Do Justice, Love Compassion,
and walk humbly with your God
~ Micah 6:8

Christians are meant to have our hearts transformed by the love of God, and as a response to that internal work to go and love others. The disciplines of "social holiness" are the faithful response to God's love embodied by the people of God. Put another way, we love because God in Christ loved us first. (1 John 4:19-21)
Mercy and Justice have been described in this way: Once there was a river that flowed past two villages. The second village found that there were people in the river who needed rescuing, so they got them out of the river. Concerned that people kept needing to be rescued from the river the village council got together to learn about why people were in the river in the first place, then having learned the root cause of the problem sought to fix it.

The first was mercy (getting people out of the river)
The second was justice (discovering why people were in the river and making changes to prevent it from continuing)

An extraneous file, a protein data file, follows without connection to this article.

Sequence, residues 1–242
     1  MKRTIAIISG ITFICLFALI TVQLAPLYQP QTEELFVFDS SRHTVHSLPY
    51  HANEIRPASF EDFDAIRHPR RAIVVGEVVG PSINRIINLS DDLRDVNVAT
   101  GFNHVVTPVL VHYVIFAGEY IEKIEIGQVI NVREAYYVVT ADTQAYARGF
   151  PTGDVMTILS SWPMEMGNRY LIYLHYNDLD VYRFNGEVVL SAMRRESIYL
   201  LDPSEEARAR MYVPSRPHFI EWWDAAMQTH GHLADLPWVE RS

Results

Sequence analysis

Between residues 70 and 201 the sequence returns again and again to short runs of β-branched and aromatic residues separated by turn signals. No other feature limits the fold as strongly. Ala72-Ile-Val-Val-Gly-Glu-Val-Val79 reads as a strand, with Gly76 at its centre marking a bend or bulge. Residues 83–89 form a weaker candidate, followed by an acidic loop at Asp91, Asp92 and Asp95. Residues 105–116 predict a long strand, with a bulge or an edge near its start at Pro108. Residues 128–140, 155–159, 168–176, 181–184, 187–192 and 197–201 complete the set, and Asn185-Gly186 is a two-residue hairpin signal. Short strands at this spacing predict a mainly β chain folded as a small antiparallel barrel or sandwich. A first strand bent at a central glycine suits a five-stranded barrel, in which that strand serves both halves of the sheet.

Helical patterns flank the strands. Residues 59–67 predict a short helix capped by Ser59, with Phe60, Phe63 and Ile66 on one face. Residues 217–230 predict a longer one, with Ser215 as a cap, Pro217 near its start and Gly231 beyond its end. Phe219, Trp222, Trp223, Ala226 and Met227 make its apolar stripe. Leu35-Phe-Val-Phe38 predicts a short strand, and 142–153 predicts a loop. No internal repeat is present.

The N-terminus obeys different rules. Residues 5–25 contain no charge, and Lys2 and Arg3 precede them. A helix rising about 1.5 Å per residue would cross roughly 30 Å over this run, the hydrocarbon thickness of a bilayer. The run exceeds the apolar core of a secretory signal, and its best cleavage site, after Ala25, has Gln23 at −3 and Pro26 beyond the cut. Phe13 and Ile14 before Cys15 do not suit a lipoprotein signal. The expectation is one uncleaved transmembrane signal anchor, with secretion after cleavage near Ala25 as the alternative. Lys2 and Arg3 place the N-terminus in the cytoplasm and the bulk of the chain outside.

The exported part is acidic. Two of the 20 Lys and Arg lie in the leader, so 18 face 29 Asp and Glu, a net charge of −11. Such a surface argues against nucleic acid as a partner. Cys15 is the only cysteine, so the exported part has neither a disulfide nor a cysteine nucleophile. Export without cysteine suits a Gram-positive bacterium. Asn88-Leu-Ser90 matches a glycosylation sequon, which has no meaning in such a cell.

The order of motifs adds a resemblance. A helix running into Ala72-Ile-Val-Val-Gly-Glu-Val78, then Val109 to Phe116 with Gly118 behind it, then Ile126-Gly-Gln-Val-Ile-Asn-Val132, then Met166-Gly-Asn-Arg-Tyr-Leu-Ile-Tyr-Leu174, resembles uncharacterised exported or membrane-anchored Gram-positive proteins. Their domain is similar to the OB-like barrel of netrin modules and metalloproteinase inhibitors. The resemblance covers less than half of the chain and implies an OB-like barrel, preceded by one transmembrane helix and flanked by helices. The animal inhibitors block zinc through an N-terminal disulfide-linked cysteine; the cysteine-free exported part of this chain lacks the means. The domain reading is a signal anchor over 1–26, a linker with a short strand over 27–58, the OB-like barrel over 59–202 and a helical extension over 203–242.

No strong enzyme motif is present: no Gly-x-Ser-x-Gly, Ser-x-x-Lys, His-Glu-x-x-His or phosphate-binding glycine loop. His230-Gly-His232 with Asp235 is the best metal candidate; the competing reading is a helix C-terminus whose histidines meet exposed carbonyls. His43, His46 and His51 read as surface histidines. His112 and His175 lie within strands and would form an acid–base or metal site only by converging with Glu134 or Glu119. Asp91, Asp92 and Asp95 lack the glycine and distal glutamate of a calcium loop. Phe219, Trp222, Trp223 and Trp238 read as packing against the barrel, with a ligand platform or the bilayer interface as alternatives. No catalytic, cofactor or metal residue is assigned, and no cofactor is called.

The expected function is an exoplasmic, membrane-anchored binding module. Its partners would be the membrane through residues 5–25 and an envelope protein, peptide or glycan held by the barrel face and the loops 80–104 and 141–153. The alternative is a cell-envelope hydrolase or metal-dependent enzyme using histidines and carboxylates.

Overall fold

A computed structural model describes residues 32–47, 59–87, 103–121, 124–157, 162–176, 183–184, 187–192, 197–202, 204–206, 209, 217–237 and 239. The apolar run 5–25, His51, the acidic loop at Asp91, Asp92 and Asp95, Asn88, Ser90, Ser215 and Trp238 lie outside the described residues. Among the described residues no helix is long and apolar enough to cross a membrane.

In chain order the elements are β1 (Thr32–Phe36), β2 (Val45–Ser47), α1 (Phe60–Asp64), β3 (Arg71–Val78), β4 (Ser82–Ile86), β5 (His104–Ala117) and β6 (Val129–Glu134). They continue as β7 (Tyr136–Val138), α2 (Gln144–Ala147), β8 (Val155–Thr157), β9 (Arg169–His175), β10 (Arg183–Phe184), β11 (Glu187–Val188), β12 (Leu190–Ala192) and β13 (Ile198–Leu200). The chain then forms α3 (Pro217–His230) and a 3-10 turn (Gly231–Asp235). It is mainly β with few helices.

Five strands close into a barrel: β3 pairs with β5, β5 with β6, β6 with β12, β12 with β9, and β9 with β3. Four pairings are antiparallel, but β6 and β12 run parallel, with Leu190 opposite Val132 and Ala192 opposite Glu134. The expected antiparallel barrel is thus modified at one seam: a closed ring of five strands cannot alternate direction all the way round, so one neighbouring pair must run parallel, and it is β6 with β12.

When we feed the hungry, clothe the naked, visit the sick or imprisoned, and heal the wounded we are doing the work of mercy. This is always needed, and it is the responsibility of those who follow Jesus to embody this kind of compassion in the world. Because every person is a child of God, who reveals the image of God in this world and is worthy of love and belonging.  You can click above to find out some ways you can embody Mercy through our Church.


In the baptismal vows of the United Methodist Church we commit to "resist evil, injustice, and oppression in whatever forms they present themselves". Often this takes the form of protest, of advocacy, and of joining with others to give voice to the voiceless. The work we do for justice looks like campaigning for clean water, marching with others for a cause, writing letters to elected officials, and sometimes becoming those elected officials. We do this work to combat against systems of oppression and exploitation, because we believe that the faith of the Christian is to embody the reign of God in this world now. That is why Christians often pray this line "thy kingdom come, thy will be done on earth as it is in heaven." Click above to see what the United Methodist Church is doing worldwide for justice and how you might join in!